Choose Your Fast Ethernet Service Option Carrier Ethernet and Business Cable Broadband both offer high speed bandwidth service at reasonable prices for the small to medium size business.
By: John Shepler
No need to let bandwidth limitations stifle your business. Here are two affordable options to acquire 100 Mbps Fast Ethernet service, likely as much as a small to medium size operation will need. I’ll tell you later how to upgrade that to Gigabit Ethernet when the time is right.
Fast Ethernet over Fiber
The gold standard in business bandwidth has shifted from legacy T1 lines to fiber optic service. Not the old expensive SONET telco fiber that you know as OC-3, OC-12 or OC-48. I’m talking about the modern Carrier Ethernet standard known as Ethernet over Fiber, also called Metro Ethernet.
Entry level fiber service typically starts at 10 Mbps. That’s enough for many small businesses with limited Internet or file transfer needs. With even a few employees or heavy use of cloud applications, you’ll be craving more performance. That’s where Fast Ethernet shines. It offers 100 Mbps x 100 Mbps dedicated bandwidth 100% of the time.
Features of Fast Ethernet over Fiber
Performance is much like your old T1 line or DS3 connection, but much faster. Symmetrical bandwidth means that your upload and download speeds are both 100 Mbps. That’s important if you run cloud applications that send large files in both directions. Backup to cloud storage is almost exclusively in the upload direction until you need to recover a file.
Fiber optic bandwidth is known for low latency, packet loss and jitter. Your service will be solid since all of the line bandwidth is dedicated to your business. Whatever capacity you aren’t using at the moment sits idle, much like the way a Local Area Network behaves.
That brings up another important advantage of Fast Ethernet over Fiber. It is directly compatible with your LAN. Just plug it in to your router or switch and it’s ready to use. Many business networks run at 100 Mbps, although new installations are typically 1000 Mbps and larger networks are 10,000 Mbps or 10 GigE.
Option #2 Fast Ethernet over Cable
Business Cable Broadband has come a long way over the years. Most systems are HFC or Hybrid Fiber Cable. That architecture employs a private fiber optic network for the long haul runs. Traditional 75 ohm coaxial copper cable connects from the curb to your building. The termination equipment is a DOCSIS modem. Most are DOCSIS 3.0, which easily provides 100 Mbps Internet service up to a maximum of 1.2 Gbps in the download direction. The newer standard is DOCSIS 3.1, which easily provides Gigabit Internet service with a growth path to as high as 10 Gbps in both directions.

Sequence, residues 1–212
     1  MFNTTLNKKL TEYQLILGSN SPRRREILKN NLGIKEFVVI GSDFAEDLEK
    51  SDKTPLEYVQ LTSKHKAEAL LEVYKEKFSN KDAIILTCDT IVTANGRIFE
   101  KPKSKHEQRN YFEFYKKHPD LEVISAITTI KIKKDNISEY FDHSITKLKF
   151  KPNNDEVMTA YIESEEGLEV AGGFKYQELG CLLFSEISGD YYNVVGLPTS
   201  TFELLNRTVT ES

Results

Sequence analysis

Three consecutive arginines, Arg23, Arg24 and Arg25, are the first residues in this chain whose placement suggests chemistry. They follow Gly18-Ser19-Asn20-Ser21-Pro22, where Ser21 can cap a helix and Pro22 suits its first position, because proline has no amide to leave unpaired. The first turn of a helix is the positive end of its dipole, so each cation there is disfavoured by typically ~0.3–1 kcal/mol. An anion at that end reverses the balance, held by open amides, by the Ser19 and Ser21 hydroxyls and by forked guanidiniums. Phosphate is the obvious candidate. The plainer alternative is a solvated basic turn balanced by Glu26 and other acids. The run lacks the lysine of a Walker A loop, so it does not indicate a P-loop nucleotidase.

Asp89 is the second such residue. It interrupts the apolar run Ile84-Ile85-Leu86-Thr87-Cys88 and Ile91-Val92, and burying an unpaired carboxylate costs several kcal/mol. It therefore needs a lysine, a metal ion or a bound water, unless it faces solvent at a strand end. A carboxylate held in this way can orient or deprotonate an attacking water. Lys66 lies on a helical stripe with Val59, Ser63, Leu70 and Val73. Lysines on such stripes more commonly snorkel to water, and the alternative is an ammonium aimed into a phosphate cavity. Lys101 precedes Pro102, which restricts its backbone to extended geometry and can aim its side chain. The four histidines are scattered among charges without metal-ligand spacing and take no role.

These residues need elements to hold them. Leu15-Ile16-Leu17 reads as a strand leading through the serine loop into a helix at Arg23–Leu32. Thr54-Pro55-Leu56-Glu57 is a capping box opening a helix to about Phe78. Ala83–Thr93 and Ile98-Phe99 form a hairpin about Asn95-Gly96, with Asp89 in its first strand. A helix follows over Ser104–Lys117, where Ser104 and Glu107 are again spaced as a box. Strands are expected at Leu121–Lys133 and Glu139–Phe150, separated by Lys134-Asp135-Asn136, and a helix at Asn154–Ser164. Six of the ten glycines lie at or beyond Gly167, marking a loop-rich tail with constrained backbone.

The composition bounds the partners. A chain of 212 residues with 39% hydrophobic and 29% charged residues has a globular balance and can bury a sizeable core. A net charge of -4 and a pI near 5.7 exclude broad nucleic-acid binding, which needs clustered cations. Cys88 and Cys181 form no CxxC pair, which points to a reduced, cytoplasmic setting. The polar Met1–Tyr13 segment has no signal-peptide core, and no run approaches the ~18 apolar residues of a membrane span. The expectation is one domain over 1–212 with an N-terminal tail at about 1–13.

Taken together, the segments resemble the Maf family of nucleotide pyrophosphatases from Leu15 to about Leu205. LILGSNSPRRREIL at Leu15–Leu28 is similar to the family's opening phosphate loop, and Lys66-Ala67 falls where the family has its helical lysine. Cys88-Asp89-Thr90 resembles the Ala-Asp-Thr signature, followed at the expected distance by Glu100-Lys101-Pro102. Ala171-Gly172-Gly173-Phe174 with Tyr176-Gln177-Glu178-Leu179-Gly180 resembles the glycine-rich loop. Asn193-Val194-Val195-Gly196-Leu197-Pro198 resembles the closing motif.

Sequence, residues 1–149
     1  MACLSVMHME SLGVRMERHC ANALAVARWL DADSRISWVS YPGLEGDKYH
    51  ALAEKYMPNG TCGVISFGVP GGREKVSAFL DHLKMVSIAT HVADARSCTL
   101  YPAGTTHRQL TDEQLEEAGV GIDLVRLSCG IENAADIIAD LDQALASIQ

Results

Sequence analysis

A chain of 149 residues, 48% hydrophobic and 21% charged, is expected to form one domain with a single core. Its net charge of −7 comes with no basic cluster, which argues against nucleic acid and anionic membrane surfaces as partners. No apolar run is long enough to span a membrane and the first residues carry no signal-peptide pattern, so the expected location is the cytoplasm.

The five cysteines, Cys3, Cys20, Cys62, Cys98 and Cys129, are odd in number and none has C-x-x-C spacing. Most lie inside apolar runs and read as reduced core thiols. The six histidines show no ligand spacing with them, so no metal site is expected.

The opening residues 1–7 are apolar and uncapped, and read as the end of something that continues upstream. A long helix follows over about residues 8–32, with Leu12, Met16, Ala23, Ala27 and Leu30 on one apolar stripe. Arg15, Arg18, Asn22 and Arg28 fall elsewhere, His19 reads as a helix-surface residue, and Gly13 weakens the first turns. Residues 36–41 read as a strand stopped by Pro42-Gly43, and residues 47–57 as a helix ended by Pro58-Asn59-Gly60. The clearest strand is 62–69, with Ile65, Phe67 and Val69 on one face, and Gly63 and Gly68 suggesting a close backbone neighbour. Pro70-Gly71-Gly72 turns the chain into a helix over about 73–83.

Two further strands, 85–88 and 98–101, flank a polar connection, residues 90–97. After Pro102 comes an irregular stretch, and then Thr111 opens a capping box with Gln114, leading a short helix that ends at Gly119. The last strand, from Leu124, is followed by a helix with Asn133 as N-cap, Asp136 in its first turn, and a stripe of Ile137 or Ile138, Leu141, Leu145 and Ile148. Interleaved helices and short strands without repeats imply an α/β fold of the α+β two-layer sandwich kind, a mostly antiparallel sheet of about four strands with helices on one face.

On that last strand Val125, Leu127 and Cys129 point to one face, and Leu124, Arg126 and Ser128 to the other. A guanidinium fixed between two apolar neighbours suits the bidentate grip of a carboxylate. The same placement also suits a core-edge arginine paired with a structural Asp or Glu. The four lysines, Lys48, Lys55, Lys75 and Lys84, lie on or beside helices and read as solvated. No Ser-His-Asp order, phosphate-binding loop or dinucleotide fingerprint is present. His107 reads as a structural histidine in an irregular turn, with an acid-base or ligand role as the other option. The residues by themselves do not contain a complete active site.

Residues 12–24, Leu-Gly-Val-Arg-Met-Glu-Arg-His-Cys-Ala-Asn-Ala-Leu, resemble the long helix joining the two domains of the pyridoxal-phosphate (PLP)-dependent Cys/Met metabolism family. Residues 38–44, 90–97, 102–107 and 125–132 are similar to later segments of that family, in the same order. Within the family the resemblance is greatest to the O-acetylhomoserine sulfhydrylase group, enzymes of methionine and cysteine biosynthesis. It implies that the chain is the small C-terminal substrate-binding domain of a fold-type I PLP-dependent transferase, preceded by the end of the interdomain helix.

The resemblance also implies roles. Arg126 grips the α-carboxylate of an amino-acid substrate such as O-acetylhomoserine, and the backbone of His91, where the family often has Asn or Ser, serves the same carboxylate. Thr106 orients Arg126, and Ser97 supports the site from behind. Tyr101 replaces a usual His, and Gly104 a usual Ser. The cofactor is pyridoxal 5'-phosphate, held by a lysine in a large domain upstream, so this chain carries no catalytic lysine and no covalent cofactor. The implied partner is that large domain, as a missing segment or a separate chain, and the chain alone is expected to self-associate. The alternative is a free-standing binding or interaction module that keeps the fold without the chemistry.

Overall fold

Characteristics of Fast Ethernet over Cable
Two advantages of Cable broadband are availability and cost. You can get service if the cable runs past your building, and that’s most buildings in metro areas. The cost for 100 Mbps Fast Ethernet is likely a fraction of what you pay for Ethernet over Fiber. Construction costs are minimal, if at all. Simply plug your network into the Ethernet connector on the DOCSIS modem.
The cost difference is reflected in a difference in service level, although that may not make a difference depending on how you use the service. Cable bandwidth is shared, not dedicated, which can mean variations in line speed that depend on how many other users are online and how heavily they are using the service.
The bandwidth is asymmetrical, meaning that download is much faster than upload. A typical bandwidth service is 100 Mbps down and 10 Mbps to 25 Mbps up. Typically Internet usage is heavily in the download direction for web browsing and watching video. Email is both upload and download, but the files tend to be fairly small and not affected by the asymmetry. If you send to large mailing lists to deliver video from your own servers, the upload bandwidth could become a limitation.
One advantage that both fiber and cable service share is that they are easily scalable compared to the old T-Carrier and SONET telco standards. You simply need a port that can handle the maximum bandwidth you anticipate needing. For fiber, that’s a Gigabit Ethernet port on the Customer Premises Equipment. For cable it’s a DOCSIS 3.0 or 3.1 modem. With those in place, you can upgrade your speed with just a phone call and no equipment changes will be necessary.
Do you feel limited by your current point to point or Internet access speed? You may be surprised how affordable a major upgrade is. Check out Fast Ethernet service options for your business now.
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